Report on MPAC property assessment info session
Guest blog from Blair Eveleigh, Associate Editor of Cottage Life magazine, who was at the MPAC meeting last night. Feel free to leave a comment or question for Blair here:
“Remember, this is a church,” were the first words out of Bill Bradley’s mouth when he took the podium at a meeting last night in Toronto. Perhaps he was expecting some rowdiness from the mostly cottager crowd of 150 that had gathered at a hall at the Lawrence Park Community Church, near Lawrence and Bayview, for a session with representatives of the Municipal Property Assessment Corporation (MPAC). After a day of non-stop snowfall, the organizers—Waterfront Ratepayers After Fair Taxation (WRAFT) and Coalition After Property Tax Reform (CAPTR)—had considered cancelling, but of course, assessments are a hot-button issue, and the people turned up.
The evening was billed as an information session about the methodology of the 2008 assessment and the gathering got that in spades. Bradley, MPAC’s account manager, business relations, and an accredited appraiser with the Appraisal Institute of Canada, went through a detailed and thorough explanation of how the corporation comes up with the numbers you see on your assessment notice, covering everything that comes into play, from sales figures to on-site inspections to multiple regression analysis. For those who thought that MPAC just plucked the numbers out of the air, the explanation must have come as a revelation. The complex process starts to fall apart, though, when MPAC has to consider heterogeneous properties, such as waterfront in cottage country, and the questions that came from the audience reflected the frustration over how the system deals with anomalies.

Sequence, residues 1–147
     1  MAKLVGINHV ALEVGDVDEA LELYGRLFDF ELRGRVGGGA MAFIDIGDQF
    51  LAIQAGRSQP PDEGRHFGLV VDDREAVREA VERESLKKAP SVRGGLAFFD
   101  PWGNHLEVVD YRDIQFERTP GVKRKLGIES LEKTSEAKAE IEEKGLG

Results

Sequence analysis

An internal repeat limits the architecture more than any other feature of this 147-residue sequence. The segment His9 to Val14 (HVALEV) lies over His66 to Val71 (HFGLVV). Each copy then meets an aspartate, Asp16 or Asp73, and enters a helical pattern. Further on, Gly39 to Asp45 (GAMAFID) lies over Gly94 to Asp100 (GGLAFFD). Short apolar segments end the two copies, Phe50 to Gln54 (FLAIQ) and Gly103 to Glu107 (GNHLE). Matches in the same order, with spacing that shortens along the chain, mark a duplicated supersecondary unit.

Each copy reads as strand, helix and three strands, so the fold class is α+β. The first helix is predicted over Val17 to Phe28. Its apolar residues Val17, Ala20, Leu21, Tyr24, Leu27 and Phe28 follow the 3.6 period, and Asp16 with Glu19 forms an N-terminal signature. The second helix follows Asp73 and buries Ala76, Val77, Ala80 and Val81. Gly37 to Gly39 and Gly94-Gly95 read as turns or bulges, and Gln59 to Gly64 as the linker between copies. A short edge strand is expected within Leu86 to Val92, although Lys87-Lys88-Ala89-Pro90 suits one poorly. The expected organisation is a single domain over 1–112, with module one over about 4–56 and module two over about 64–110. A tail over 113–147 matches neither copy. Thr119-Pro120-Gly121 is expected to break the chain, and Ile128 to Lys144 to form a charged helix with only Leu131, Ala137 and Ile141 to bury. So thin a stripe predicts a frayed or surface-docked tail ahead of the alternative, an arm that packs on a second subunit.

Larry Hummel, MPAC’s vice president, property values, fielded queries about why assessed values on waterfront properties have risen so much in the latest assessment. “It will always be a problem,” he said, referring to the valuation of unique properties, and added that judgment comes into the exercise when there are few comparable sales figures to factor into a property’s assessment. Another thing to consider: Land value is increasing at a greater rate than the value on structures, so a small waterfront lot with a large, new cottage may have a smaller increase in value than a large lot with a small, old cabin. Also, property values on smaller lakes are increasing faster than on larger lakes, reflecting the increased market demand.
Bradley and Hummel also discussed AboutMyProperty, the new online interactive feature on MPAC’s website. About 55,000 properties across the province, are not on the system’s maps, so property owners in areas such as Georgian Bay and Lake of Bays cannot access comparable properties for comparison. Hummel said MPAC was working to fix the problem and that owners could call MPAC to get neighbourhood comparisons sent to them.
Finally, one cottager had some advice for the others assembled: In the last assessment round, he’d found a neighbouring property that had been undervalued in its assessment and used that to gain a reassessment of his own property. “There are still chestnuts like that out there,” he said.
CAPTR intends to post MAPC’s full PowerPoint presentation from the meeting on its website.